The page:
Bipartisan Federal Mechanical Insulation Act of 2023 Introduced

Mechanical Insulators LMCT | Federal Mechanical Insualtion Act of 2023

The Mechanical Insulators Labor Management Cooperative Trust (LMCT) is proud to announce the introduction of the bipartisan Federal Mechanical Insulation Act of 2023 (FMIA) by Rep. Randy Weber (R-Texas) and Rep. Linda Sánchez (D-Calif.) to the House of Representatives on July 14.

Mechanical insulation provides large-scale and long-term energy efficiency, emissions reductions, cost savings and safety benefits at manufacturing facilities, power plants, refineries, hospitals, universities, and government buildings while creating thousands of American jobs, with the manufacturing of nearly all Mechanical Insulation taking place in the U.S.

The FMIA, House Resolution 4663, will advance federal energy efficiencies, save tax dollars and reduce energy loss and emissions for the approximately 350,000 federal buildings in the U.S. It will also add an important audit metric for regulators to include when assessing federal buildings’ measure of Mechanical Insulation efficiencies.

Rep. Randy Weber“For 35 years, I owned and operated an air conditioning company, and I understand the importance of strategic federal energy conservation and efficiency measures,” said Rep. Weber. “This bill is not only common sense but a win for the nation’s energy preservation and will lower the burden on taxpayers forking over their hard-earned dollars to power federal buildings.

“I am proud to introduce this legislation, and I look forward to working with my colleagues on the Energy and Commerce Committee to ensure that a properly trained and qualified workforce is used to make the necessary improvements to federal Mechanical Insulation,” he added.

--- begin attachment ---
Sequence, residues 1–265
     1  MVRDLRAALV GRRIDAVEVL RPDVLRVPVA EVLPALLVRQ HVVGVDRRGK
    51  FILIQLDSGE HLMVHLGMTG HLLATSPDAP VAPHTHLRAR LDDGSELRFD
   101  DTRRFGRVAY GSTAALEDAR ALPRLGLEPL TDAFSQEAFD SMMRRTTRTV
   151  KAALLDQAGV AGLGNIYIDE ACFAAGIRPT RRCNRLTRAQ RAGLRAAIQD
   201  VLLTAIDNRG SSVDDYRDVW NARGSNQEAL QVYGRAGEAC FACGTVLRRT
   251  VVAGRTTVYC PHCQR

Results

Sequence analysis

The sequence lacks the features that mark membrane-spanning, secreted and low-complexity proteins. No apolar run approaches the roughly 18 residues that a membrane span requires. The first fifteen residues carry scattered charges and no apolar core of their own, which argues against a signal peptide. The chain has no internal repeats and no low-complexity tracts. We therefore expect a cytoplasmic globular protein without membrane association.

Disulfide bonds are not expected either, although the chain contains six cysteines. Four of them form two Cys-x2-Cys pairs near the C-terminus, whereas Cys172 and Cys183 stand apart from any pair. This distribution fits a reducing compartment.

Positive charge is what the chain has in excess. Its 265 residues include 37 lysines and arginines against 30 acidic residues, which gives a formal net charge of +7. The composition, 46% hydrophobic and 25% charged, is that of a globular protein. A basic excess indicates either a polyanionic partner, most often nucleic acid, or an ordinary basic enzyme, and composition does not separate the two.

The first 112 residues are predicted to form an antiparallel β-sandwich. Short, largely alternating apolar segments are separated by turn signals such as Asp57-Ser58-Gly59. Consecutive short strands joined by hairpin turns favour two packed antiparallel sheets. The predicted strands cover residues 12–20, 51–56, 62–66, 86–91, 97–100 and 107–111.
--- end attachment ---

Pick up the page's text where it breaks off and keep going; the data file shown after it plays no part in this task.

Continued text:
Rep. Linda Sanchez“As we continue efforts to bring down energy costs, reduce emissions, and protect our environment, energy efficiency has become a leading issue across the country,” said Rep. Sanchez. “Still, Mechanical Insulation – a practical and helpful solution – is often overlooked.

“Mechanical insulation improves working environments, lowers energy costs and increases the asset value of a building,” she said. “It accomplishes all of this while creating tens of thousands of American jobs. This bill provides meaningful directives to the Department of Energy to ensure Mechanical Insulation is a focus of the statutory audits of federal buildings where appropriate. I am proud to support this legislation and build on the important work we started last Congress to promote sensible federal energy conservation and workforce measures.”

According to the Government Accounting Office (GAO), the federal government is the single largest energy consumer in the country consuming more than 344 trillion btu of energy and 119 gallons of water in Fiscal Year 2021. Federal agencies are required by statute to conduct energy and water use evaluations and audits of federal facilities every four years to identify energy or water savings efficiency measures.